No, I didn't know how the book would end when I started. It was a complete surprise to me, but then, when I finally figured it out, I realised it was the only possible way it could end. Different writers work different ways: some plan a story carefully and some just jump in. I'm a jumper. I don't know exactly how my characters are going to react to things once we get started. They can take over in fascinating ways. Sometimes I have to take back control, of course, and sometimes that means I write a lot of words that I never use. But that's okay because I'm learning about my characters and the story all the time.

You use all the senses in Walking Mountain – did you do that deliberately or did it come naturally?

I've visited some different parts of the world and been fascinated by how, well, different they all feel. When I was thinking about the places in the book, like the hot, steamy Jungle or the vast Plains or the dangerous, dry Plateau or the smelly swampy Flats, I imagined what it would be like to be there myself. And things like sounds and smells, the way foods taste or what your skin would feel like were all important parts of that.

I’ve read quite a few of the books you’ve written and often they’re funny. Walking Mountain is more serious, but there were still bits that made me laugh. Do you like to include humour in your books or does it come naturally?

When you write a book you know you're going to be spending a lot of time with your characters and in that world. And if I'm going to spend a lot of time someplace or with someone, I want to have a laugh sometimes.

Towards the end of the book Pema worries that people will just go back to their old ways after everything that’s happened. Do you worry about that too?

Yes, I worry about that. But I also have a lot of hope. Lots of the time we seem to be really slow to learn stuff that's new - it's hard to change - but part of being human is being kind and smart and surprising! I'm betting on that. It's one of the reasons I write novels.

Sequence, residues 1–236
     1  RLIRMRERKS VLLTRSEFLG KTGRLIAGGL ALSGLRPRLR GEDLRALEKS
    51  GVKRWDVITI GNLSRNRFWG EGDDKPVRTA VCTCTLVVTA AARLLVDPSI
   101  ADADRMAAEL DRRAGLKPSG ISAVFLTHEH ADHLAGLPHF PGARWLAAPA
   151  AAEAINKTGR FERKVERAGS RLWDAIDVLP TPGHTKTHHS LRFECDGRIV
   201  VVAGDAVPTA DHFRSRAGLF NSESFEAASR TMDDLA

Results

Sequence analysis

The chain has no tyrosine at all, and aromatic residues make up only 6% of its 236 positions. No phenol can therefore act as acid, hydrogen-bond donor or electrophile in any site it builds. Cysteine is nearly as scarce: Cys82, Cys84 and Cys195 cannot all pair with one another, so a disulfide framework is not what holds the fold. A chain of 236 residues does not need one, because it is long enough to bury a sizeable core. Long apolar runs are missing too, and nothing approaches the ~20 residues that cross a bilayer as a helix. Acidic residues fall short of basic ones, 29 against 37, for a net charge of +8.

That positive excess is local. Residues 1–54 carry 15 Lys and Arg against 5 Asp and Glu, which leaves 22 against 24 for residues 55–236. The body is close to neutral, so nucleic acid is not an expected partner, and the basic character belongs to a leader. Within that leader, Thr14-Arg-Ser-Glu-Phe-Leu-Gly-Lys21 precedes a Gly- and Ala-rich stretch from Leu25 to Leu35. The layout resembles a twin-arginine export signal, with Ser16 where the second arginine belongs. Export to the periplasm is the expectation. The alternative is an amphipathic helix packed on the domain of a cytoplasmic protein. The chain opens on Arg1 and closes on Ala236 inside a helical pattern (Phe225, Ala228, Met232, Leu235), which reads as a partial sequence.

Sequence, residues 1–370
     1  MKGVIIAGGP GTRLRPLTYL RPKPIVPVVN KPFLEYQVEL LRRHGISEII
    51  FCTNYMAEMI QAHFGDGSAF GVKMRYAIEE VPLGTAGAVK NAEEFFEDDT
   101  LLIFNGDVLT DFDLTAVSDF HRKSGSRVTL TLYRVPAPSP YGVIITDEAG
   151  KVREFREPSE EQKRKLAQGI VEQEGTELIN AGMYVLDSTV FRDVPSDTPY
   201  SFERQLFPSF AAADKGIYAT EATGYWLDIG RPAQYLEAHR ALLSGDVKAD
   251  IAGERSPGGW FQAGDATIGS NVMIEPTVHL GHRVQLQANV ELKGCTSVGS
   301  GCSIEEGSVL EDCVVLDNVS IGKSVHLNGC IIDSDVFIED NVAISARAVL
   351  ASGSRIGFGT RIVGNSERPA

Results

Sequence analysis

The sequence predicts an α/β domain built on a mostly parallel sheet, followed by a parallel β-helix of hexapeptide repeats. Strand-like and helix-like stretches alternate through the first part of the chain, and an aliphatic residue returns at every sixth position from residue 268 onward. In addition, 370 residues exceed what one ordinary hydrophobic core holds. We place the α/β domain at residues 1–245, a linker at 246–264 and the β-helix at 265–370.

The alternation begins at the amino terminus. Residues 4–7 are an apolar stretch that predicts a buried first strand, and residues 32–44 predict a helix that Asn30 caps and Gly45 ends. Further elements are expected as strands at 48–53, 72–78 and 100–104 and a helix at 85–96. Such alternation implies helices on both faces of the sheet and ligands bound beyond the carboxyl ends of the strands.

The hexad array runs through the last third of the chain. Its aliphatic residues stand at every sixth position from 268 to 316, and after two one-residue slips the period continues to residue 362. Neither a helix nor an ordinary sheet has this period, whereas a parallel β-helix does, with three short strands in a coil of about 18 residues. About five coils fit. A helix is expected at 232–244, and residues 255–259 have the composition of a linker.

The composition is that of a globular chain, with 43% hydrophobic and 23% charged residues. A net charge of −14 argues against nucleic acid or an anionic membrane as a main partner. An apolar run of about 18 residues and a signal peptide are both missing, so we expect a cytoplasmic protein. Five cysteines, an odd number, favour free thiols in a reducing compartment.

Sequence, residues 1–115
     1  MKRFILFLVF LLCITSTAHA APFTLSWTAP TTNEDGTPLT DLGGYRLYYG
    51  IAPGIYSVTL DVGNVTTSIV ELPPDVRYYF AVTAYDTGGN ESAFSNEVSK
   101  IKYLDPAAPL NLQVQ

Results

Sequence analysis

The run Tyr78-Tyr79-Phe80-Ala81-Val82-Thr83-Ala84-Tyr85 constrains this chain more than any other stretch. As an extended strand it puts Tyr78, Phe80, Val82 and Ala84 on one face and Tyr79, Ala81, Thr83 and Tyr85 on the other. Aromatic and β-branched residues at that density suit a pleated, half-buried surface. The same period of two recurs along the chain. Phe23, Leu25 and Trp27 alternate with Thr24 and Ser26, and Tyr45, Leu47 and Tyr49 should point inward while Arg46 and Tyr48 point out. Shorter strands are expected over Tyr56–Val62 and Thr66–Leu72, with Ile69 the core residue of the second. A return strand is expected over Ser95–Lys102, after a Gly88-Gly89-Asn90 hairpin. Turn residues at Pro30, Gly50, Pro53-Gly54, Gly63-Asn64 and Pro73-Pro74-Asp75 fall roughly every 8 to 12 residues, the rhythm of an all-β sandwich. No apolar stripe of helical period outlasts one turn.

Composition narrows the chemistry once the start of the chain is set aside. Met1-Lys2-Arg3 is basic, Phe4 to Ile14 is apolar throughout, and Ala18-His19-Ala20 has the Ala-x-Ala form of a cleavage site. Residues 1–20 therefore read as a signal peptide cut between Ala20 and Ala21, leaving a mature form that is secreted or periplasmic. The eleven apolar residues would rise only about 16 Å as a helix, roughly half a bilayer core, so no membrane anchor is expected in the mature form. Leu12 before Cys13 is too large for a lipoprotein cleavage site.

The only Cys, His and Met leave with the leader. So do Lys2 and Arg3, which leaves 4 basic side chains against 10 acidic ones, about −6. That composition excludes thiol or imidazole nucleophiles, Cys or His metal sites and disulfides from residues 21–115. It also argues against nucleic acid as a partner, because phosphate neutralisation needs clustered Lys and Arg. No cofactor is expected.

Why did you use the Bhutanese words?

Years ago I met a woman called Jamie Zeppa, who'd been living and working in Bhutan, a tiny Buddhist kingdom in the Himalayas. She said that in the Sharchokpa-lo dialect, which she'd been learning, her name meant "beetroot". I loved the idea of having a hidden meaning to your name so much that I decided to do it for all the characters and places in Walking Mountain. It was fun!

In Walking Mountain some of the characters were really greedy - they didn’t care about anybody but themselves. Is that something that worries you in the real world?

Yes. I do worry about that. We all live on this one planet so we're effectively all one family, which means we're going to get on each others' nerves sometimes, but it also means we should look after each other. We can make things better for everyone - we're smart enough - we really are. We just have to decide to try and go on trying in as many different ways as our amazing brains can come up with.

Where in the world did you set Walking Mountain?

I got the idea of a mountain that walks from India. About 180 million years ago, the sub-continent split off from ancient Gondwana and moved northwards until, about 50 million years ago, it banged into Asia - and then kept on going, pushing up some of the tallest mountains in the world. That's why you can find seashells on the top of the Himalayas!